Few of us wanted to be known as a teacher’s pet. Years of schoolyard teasing are rarely forgotten.
Yet Chinese parents seem a lot more prepared to worm their way into the affections of their childrens’ educators. Their gratitude often comes in the form of gifts of anything from washing machines to luxury goods. Purists will tell you that the practice has its roots in a cultural reverence for education. Cynics suggest it is lot more about helping your child get a leg up on classmates.
Gifts don’t normally work in getting higher grades (major exams are run by the government, so you’d need to go direct to the examiners themselves to sort that out). But a strategic gift or two might mean that the pupil is as well prepared as possible for exam day, by keeping the teacher wholly focused on the task at hand. Apparently, this type of thinking can then lead to an arms race of gift-giving. The fear is that another parent might give a better present, thus earning their child preferential treatment. That’s a serious worry for parents anxious to give their (often only) child the best start possible.
The annual Teacher’s Day (Friday last week) would seem as good a day as any to show some parental appreciation. Students across the country attend assemblies at which they express their own gratitude to teachers.
Their parents often go beyond a few words of thanks. The practice of gift-giving has now become so commonplace that books are available on Teacher’s Day ‘gift etiquette’. For many, the difficult question of what to give has become a major source of anxiety. “I feel confused every time,” perplexed parent Zhang Ping explained to CBN Weekly. “It can’t be too cheap or the same thing every year.”
The advice from the newspaper? Give something practical. One parent gave a Rmb2,000 Chanel hairpin but was worried that it might not have been appreciated. Another discovered that his child’s teacher hadn’t even been using the golf club membership he’d bought him previously. So in the end Zhang decided to do the straightforward thing: drop a Rmb1,000 gift card into an envelope. This is from Zhang Junior. Please get him into university…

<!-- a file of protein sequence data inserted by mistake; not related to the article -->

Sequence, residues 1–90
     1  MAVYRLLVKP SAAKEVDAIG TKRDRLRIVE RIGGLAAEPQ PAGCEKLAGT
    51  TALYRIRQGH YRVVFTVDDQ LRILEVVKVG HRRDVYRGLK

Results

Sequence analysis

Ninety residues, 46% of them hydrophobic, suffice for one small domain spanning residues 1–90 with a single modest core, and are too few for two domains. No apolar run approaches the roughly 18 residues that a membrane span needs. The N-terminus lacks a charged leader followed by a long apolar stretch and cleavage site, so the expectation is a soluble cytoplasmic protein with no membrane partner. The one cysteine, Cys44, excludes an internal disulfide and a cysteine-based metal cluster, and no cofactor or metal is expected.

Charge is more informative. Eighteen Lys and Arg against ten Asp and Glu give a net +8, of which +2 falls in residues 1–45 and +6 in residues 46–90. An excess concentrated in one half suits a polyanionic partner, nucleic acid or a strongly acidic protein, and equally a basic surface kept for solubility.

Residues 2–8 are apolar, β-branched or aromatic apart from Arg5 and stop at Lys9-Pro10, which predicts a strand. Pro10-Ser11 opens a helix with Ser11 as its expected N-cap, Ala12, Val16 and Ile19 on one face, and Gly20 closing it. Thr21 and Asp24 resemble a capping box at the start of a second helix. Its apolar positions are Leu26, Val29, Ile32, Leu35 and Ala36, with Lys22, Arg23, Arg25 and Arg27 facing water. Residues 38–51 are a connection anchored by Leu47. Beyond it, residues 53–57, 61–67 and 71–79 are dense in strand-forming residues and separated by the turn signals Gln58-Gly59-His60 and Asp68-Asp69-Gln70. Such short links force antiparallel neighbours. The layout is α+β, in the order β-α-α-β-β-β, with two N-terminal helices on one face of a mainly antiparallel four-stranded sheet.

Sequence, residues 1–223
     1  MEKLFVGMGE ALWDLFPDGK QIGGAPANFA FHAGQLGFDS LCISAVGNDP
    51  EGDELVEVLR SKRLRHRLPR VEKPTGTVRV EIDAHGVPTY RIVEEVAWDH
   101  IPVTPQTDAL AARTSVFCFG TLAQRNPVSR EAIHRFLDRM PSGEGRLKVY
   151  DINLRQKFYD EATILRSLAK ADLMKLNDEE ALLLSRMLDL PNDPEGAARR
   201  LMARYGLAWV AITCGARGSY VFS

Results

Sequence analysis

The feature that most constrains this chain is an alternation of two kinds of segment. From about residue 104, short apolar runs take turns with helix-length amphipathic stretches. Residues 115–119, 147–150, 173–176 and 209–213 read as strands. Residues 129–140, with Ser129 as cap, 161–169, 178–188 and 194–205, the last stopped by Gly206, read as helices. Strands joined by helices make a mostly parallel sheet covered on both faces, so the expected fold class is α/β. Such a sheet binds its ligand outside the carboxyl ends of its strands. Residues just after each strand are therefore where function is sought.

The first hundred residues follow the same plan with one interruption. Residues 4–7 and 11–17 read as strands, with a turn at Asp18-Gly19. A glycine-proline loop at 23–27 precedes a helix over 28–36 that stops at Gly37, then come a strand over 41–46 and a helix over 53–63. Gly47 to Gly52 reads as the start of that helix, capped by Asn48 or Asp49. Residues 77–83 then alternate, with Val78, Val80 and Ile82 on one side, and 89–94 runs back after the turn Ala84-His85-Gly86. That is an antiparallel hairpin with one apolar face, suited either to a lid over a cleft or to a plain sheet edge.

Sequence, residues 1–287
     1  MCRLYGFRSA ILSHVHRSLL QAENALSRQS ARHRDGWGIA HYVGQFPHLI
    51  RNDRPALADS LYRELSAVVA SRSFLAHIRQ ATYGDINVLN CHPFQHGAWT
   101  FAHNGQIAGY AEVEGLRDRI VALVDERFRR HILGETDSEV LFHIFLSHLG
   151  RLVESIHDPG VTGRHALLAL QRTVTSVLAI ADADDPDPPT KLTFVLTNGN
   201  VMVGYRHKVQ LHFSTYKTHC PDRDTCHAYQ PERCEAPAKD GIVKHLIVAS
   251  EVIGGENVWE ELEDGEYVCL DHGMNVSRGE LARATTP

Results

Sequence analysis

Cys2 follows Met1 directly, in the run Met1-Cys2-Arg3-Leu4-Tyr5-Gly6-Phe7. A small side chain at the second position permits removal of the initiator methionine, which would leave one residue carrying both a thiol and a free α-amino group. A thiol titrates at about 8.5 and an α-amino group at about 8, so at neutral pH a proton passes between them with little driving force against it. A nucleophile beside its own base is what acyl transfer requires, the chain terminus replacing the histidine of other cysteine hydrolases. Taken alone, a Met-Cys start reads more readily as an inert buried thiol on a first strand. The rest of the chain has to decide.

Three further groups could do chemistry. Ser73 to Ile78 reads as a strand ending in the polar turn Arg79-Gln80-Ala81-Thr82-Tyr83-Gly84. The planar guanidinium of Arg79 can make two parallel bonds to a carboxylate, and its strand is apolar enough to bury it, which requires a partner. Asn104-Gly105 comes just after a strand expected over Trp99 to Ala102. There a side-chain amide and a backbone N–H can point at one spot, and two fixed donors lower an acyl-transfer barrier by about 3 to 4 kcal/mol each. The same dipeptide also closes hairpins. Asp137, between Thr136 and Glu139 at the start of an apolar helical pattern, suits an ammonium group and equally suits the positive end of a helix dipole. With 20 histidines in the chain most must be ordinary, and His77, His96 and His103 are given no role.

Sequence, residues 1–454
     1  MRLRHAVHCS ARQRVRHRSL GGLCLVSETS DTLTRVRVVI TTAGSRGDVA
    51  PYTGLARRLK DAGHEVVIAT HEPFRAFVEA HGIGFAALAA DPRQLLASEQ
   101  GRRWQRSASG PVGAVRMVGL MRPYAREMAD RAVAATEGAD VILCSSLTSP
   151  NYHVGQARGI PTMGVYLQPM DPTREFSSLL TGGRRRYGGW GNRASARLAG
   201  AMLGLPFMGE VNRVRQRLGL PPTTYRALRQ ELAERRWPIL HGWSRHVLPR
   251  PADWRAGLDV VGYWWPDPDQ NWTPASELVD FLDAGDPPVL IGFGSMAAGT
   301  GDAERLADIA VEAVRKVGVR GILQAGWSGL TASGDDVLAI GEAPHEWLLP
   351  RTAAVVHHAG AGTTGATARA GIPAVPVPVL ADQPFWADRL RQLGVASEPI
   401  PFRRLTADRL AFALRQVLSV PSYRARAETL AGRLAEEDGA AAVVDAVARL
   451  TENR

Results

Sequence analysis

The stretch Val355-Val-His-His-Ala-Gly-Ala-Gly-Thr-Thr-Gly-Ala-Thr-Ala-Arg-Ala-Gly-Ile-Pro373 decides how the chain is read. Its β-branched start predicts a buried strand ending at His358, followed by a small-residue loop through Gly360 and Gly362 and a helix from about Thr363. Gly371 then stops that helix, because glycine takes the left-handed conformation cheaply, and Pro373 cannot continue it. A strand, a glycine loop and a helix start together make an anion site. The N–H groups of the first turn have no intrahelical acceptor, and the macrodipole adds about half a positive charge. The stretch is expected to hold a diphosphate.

Teacher’s Day isn’t the only opportunity for teachers to supplement their income. “Mid-Autumn Festival, National Day and Chinese New Year are all thanksgiving days for us, and if I choose not to follow the trend, how will the teacher view my child?” worried one parent. A Beijing-based taxi driver also told CBN that he frequently overheard passengers talking about the subject. “My daughter begins primary school this year, as it seems everyone gives gifts to teachers, I’m going to do the same when the time comes.”
The standard practice for gift giving varies throughout the country. Parents in north China seem to have it tougher since they will often buy something specifically for the teacher. In south China, a simple red packet of cash will do.
Getting your full quota of teacher time is all the more important when classrooms are crowded and teachers underpaid. A typical class will have at least 40 students. Teachers generally earn between Rmb2,000 and Rmb6,000 a month ($300-900).
Still, for some teachers it seems to be more trouble than its worth. “Some parents, after giving a gift seem to think they have some kind of privileged position, and continually make all sorts of demands,” one frustrated Guangzhou primary school teacher lamented. “If our living standards were as good as civil servants, we wouldn’t have to earn ‘class make-up fees’.”
Teachers reluctant to accept the full shopping bag of offerings face another problem: some prospective gift-givers take it as as a sign that their child will not get help in the classroom.
Luo Dan, a researcher at the Institute of Education in the South China University of Technology, warns that the practice is creating an uneven playing field. Last week the Ministry of Education posted a proposal on its website calling for an end to the gift-giving. But cultural and economic pressures mean that it’s not likely to stop anytime soon.
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